Parking at the up-and-coming Vancouver Waterfront may be heading toward a tighter fit after Vancouver officials announced recently that 770 parking spaces are planned to be cut from the original blueprints.
City of Vancouver Senior Planner Jon Wagner told the city’s planning commission at a meeting in late September that, thanks in part to a recent decision by the Federal Aviation Administration, parking will shrink from 7,799 to 7,029 spaces — a nearly 10 percent reduction.
Wagner said last week that parking will still exceed the minimum 5,300 spaces, though the number can still change as new buildings are developed and reviewed.
The revision in plans comes as the city faces large-scale growth in its city center, and parking continues to be an issue, as it has been in Portland. The full picture may not be in view, said Vancouver Parking Manager Mike Merrill, who pointed out that the Port of Vancouver, which owns the former Red Lion Hotel Vancouver at the Quay building, has not yet finalized its own waterfront redevelopment and parking plans.
“I think people are always concerned about where they are going to park and whether there’s going to be enough parking,” Merrill said. “But now what we’ve seen is some recovery and new developments downtown, and some of the surface lots and gravel lots are starting to become structures. I think people are worried they will start to see some parking availability tie up.”
Parking at the waterfront currently consists of about 40 spaces along Esther and Grant streets and Columbia Way. Chad Eiken, the city’s community and economic development director, said there are plans to develop one a block at the corner of Grant Street into interim surface parking.
A recent FAA decision is a major factor in planning waterfront parking. The FAA told the city and Portland-based developers Gramor Development that some of the buildings planned for the waterfront will need to be shorter to allow planes to safely descend into nearby Pearson Field.
The ruling affects about half of the buildings in the development, some of which were planned to be 20 to 22 stories tall.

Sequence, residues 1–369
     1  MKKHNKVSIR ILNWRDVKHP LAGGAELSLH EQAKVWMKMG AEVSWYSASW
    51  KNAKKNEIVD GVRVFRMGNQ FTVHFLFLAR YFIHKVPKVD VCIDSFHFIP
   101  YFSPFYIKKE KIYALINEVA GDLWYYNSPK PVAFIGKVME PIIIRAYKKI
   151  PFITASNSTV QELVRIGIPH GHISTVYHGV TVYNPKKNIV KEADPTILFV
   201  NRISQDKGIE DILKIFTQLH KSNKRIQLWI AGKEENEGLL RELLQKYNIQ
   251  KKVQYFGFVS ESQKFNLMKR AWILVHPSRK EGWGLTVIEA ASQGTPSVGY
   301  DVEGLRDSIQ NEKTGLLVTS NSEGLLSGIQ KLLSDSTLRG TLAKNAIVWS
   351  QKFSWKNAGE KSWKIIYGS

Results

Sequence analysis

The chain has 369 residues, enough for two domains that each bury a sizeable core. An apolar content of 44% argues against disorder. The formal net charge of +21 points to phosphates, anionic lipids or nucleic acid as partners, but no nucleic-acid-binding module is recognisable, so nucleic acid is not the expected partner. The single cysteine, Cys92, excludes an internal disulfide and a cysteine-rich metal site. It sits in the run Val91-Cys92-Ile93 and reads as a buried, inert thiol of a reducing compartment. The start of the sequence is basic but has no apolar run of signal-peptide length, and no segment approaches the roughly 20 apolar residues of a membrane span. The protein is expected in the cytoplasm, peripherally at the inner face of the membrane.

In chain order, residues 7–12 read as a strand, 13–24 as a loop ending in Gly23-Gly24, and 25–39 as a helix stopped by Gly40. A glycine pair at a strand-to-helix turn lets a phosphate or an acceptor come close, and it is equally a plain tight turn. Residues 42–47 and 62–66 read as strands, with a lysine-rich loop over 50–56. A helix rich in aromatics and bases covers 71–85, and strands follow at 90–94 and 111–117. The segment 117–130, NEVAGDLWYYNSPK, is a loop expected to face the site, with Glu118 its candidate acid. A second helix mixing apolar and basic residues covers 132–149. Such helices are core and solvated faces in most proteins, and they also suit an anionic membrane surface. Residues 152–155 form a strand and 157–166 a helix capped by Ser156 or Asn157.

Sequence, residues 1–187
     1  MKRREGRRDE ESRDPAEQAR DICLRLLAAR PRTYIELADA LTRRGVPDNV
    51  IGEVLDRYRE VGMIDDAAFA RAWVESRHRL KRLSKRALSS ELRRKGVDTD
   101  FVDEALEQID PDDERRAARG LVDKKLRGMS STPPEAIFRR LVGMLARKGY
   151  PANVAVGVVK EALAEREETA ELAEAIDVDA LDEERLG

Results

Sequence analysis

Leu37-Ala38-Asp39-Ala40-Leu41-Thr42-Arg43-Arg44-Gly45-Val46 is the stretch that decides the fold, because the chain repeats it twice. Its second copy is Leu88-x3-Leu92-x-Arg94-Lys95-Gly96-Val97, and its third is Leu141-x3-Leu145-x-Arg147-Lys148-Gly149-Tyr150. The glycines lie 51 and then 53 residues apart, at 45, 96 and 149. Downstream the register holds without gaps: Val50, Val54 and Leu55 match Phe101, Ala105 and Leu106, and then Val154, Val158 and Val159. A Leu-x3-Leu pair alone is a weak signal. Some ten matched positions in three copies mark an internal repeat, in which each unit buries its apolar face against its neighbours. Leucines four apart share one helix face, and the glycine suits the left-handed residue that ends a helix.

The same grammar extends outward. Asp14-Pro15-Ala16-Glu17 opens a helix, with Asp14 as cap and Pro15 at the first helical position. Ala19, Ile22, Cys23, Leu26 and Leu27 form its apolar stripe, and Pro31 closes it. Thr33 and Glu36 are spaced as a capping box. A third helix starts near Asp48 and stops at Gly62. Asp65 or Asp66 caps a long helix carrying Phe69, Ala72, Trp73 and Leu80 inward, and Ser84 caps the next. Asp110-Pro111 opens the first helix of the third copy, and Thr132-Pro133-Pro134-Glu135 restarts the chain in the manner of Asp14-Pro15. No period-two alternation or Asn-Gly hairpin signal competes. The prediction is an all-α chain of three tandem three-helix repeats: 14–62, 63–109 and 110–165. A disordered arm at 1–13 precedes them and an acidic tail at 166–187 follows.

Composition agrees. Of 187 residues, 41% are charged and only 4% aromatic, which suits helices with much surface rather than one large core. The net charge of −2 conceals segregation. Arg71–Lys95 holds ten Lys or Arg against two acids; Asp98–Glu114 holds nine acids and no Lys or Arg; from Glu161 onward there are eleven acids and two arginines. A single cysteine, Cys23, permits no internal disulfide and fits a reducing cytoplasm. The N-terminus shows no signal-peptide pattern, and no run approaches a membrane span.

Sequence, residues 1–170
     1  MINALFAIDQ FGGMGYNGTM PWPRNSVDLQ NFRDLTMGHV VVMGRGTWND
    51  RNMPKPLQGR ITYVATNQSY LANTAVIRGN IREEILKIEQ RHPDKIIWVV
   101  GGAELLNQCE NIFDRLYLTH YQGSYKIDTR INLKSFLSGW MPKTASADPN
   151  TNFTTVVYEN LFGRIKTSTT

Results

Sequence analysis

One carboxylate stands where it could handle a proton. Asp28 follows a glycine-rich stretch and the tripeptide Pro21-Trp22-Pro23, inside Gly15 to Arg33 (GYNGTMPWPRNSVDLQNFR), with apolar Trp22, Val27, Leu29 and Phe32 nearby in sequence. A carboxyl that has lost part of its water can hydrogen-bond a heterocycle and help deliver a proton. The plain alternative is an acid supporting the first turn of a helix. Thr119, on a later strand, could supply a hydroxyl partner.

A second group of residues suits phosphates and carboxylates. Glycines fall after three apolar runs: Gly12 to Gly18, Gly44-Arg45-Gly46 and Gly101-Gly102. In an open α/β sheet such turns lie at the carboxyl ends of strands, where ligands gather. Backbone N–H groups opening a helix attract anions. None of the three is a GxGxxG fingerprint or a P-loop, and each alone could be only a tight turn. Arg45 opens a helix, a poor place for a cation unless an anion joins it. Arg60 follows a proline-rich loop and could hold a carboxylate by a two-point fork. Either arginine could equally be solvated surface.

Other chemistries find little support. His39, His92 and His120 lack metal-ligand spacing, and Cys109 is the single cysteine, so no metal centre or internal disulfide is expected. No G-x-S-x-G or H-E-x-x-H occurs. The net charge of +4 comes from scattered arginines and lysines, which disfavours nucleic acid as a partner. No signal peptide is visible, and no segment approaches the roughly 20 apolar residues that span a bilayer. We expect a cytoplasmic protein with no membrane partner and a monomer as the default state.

And while parking requirements for new buildings are based on a number of factors, the FAA’s decision reduced the size of the buildings, which then prompted a cut in parking, Wagner said. But, “If anything, we’ve probably increased the ratio of available parking if it goes in at this level,” he said.
Another factor in reducing the parking is a decision not to build underground parking under city streets. Eiken said building under the streets also meant designing around utilities such as sewer lines, an expensive process. He said it already costs nearly $40,000 per parking space to build a parking structure.
“In some ways it simplifies the overall construction,” he said. “The original plan showed structured, underground parking under streets. As you can imagine, it creates a lot of complications: You have to make the structure handle (the weight of) live loads, trucks, that kind of thing, in addition to the buildings itself.”
The city’s Waterfront Master Plan encompasses 21 city blocks along the Columbia River, at the site of the old Boise Cascade paper mill, and was first adopted in 2009. It planned for 3,300 residences, 400,000 square feet of retail space, 1.12 million square feet of office space and 160 hotel rooms.
The Vancouver Downtown Association, which has kept a close eye on the city’s parking options, declined to comment.